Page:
Thread: Elephant swords
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Old 4th December 2018, 01:01 AM   #21
Jim McDougall
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This is a most interesting and arcane topic, and I checked the articles in Royal Armouries Yearbooks:
"The Elephant Armour" by Thom Richardson & Donna Stevens, Vol.1, 1996
and,
" The Elephant Tusk Swords" Thom Richardson, Vol. 4, 1997

According to these sources, examples of tusk swords are extremely rare, with the only examples are the pair in the Royal Armouries (XXVIM.40) which are from Powis Castle and deemed 16th century. It is not known what provenance these are from, but according to Robert Elgood, he believes they are Hindu.

The other pair, from the now dispersed Mysore arsenal of Maharajah Krishnaraja Wadiyar III (1794-1868) are obviously later and with weak construction clearly intended for ceremonial use.
While this pair is Mughal, it is suggested in the text that Mughal use in combat is unlikely, explaining (1997, p.133) that ,

"....athough there are numerous records of the use of tusk swords in the literature, there seem to ge no contemporary illustrations of them. This may be linked to the lack of reference to tusk swords for elephants in the detailed listing of all types of elephant equipment in the Ain i Akbari of Abu'l Fazi. Possibly they had ceased to be used by the 16th century. If this is so, of course the tusk swords belong to an earlier period when very few illustrations of war elephants survive".


It is curious what the various records of tusk sword use are, and whether they are from Hindu sources or other. As noted, the comprehensive illustrated Mughal guide Ain I Akbari does not include these, which seems significant.


Also, it seems curious that the tusks of the elephant are naturally deadly without the augmentation of sword blades. In the material I have referenced, apparently Pant notes something called 'tusk protectors' which are blunt coverings for the ends of the tusks. The 'tusk swords' shown in this discussion seem to be for 'blunted tusks' as noted as they could not be mounted on a full length and pointed tusk. Perhaps these are a kind of cover for tusks which have been rendered 'safe' in such manner?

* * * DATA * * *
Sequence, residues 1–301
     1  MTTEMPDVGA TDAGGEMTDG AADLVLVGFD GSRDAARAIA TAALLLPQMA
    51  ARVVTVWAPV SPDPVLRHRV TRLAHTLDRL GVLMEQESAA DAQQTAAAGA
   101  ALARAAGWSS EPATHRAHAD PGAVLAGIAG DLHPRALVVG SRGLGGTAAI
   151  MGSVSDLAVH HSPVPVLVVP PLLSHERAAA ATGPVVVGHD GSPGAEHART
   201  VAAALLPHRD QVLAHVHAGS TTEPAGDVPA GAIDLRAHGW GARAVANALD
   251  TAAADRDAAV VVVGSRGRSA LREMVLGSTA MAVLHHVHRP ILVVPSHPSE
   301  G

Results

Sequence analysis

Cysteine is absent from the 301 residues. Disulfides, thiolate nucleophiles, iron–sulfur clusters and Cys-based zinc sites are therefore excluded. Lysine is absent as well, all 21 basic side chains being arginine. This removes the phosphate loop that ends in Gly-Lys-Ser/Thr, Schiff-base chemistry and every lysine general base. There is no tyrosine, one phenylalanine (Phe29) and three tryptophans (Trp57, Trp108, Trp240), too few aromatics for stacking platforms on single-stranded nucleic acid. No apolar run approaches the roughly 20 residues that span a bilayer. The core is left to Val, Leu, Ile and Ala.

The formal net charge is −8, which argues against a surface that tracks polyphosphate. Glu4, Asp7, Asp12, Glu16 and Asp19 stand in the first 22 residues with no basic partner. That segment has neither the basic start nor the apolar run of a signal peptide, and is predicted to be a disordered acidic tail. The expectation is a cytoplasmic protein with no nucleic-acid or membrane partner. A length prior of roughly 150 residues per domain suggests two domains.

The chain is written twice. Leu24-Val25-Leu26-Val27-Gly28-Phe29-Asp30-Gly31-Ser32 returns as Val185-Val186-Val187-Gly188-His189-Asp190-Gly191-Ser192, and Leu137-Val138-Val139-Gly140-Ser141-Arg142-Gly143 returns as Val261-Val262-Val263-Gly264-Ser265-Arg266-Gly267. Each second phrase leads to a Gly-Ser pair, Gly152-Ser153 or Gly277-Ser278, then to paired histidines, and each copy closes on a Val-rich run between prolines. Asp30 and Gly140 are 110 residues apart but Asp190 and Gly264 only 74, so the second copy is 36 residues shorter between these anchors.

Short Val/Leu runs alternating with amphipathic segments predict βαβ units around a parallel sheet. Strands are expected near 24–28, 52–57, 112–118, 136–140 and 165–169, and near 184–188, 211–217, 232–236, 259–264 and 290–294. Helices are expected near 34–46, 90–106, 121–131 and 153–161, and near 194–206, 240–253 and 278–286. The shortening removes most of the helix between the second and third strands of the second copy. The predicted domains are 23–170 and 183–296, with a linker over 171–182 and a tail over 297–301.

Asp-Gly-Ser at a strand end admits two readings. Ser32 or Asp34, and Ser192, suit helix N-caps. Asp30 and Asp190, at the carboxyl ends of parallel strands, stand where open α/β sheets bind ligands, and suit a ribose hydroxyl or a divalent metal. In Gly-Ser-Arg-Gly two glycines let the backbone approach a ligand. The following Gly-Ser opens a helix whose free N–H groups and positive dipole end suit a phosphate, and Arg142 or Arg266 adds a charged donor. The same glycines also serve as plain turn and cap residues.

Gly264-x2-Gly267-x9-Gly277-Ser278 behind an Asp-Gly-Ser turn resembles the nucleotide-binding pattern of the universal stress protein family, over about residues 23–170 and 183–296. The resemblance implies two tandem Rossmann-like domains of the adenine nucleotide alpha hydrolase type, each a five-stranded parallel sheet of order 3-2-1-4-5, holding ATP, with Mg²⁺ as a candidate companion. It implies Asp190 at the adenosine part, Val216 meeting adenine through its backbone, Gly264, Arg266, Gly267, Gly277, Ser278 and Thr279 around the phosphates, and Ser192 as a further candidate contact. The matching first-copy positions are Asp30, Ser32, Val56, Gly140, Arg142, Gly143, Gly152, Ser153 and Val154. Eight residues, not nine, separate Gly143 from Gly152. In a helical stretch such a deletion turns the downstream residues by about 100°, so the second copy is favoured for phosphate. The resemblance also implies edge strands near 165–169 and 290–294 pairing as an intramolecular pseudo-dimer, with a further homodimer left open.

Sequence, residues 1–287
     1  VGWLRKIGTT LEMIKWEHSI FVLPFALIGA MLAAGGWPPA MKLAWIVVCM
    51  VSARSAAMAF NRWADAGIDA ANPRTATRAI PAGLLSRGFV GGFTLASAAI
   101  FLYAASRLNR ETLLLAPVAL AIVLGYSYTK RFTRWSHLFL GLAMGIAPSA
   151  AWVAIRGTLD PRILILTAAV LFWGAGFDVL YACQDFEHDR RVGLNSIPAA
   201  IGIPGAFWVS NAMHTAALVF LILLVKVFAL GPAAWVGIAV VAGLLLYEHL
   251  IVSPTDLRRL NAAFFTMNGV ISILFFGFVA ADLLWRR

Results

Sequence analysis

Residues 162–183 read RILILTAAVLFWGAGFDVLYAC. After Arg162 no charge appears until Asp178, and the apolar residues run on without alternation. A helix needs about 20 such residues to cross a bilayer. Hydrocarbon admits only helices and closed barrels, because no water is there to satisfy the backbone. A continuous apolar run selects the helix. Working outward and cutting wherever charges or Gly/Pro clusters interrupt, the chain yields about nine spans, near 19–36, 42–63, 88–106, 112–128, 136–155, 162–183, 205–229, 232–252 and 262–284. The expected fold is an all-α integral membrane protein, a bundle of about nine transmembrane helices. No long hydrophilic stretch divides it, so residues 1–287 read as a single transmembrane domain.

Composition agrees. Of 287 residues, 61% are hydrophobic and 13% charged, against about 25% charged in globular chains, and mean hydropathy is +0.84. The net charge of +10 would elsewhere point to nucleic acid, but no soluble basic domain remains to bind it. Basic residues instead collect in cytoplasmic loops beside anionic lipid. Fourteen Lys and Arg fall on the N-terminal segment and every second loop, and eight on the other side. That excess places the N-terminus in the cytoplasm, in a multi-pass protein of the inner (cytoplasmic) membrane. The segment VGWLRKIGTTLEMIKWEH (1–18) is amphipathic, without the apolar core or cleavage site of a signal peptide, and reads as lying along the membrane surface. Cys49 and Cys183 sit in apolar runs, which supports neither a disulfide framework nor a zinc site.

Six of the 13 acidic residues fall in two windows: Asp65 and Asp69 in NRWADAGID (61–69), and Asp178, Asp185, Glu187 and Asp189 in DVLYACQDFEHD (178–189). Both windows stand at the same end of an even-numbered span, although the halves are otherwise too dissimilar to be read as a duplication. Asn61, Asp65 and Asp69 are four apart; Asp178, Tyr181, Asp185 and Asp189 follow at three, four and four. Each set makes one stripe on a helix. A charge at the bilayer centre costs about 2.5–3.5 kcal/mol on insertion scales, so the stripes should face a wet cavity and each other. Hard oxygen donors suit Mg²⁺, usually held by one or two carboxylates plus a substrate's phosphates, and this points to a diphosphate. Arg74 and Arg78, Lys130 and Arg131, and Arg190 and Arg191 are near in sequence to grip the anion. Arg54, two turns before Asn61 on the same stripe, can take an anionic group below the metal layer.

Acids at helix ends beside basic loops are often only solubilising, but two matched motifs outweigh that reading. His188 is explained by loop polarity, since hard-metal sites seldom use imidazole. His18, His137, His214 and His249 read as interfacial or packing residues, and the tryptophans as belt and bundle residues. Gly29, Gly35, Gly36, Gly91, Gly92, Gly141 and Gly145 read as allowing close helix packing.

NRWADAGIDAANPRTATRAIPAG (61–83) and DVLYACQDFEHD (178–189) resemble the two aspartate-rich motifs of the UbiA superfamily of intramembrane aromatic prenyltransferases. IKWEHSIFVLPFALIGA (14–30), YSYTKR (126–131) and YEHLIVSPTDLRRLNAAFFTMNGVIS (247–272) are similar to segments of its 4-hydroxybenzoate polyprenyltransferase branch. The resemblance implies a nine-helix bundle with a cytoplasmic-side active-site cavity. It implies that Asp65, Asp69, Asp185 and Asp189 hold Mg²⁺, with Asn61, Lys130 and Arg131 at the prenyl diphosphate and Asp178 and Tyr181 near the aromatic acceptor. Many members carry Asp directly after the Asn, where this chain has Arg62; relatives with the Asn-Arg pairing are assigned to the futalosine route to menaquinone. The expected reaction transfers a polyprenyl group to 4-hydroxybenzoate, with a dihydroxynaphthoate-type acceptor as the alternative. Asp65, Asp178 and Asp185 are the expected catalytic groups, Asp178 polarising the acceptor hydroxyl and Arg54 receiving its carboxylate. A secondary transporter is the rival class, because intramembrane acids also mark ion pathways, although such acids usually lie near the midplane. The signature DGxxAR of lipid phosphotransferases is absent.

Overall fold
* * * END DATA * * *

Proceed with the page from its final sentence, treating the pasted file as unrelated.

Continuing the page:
I am wondering, with the noted volatility and power of the elephant if they could be effectively controlled in combat situations, and my understanding of the ankus used by the mahout was not only for prodding but 'ending' the animal if it became out of control. It has been noted it seems that these animals could be as deadly to the forces using them as to the enemy.

If contemporary references note the use of tusk swords, then of course they may have been used. However there does not seem to be nearly the support for these mentions that typically remain for the armour used on elephants nor existing examples in number of these tusk swords.


I am unsure of the example shown here from the Met, and would like to know more on its provenance etc. as it seems to be out of range of the authors of these articles which cite only the two extant examples.
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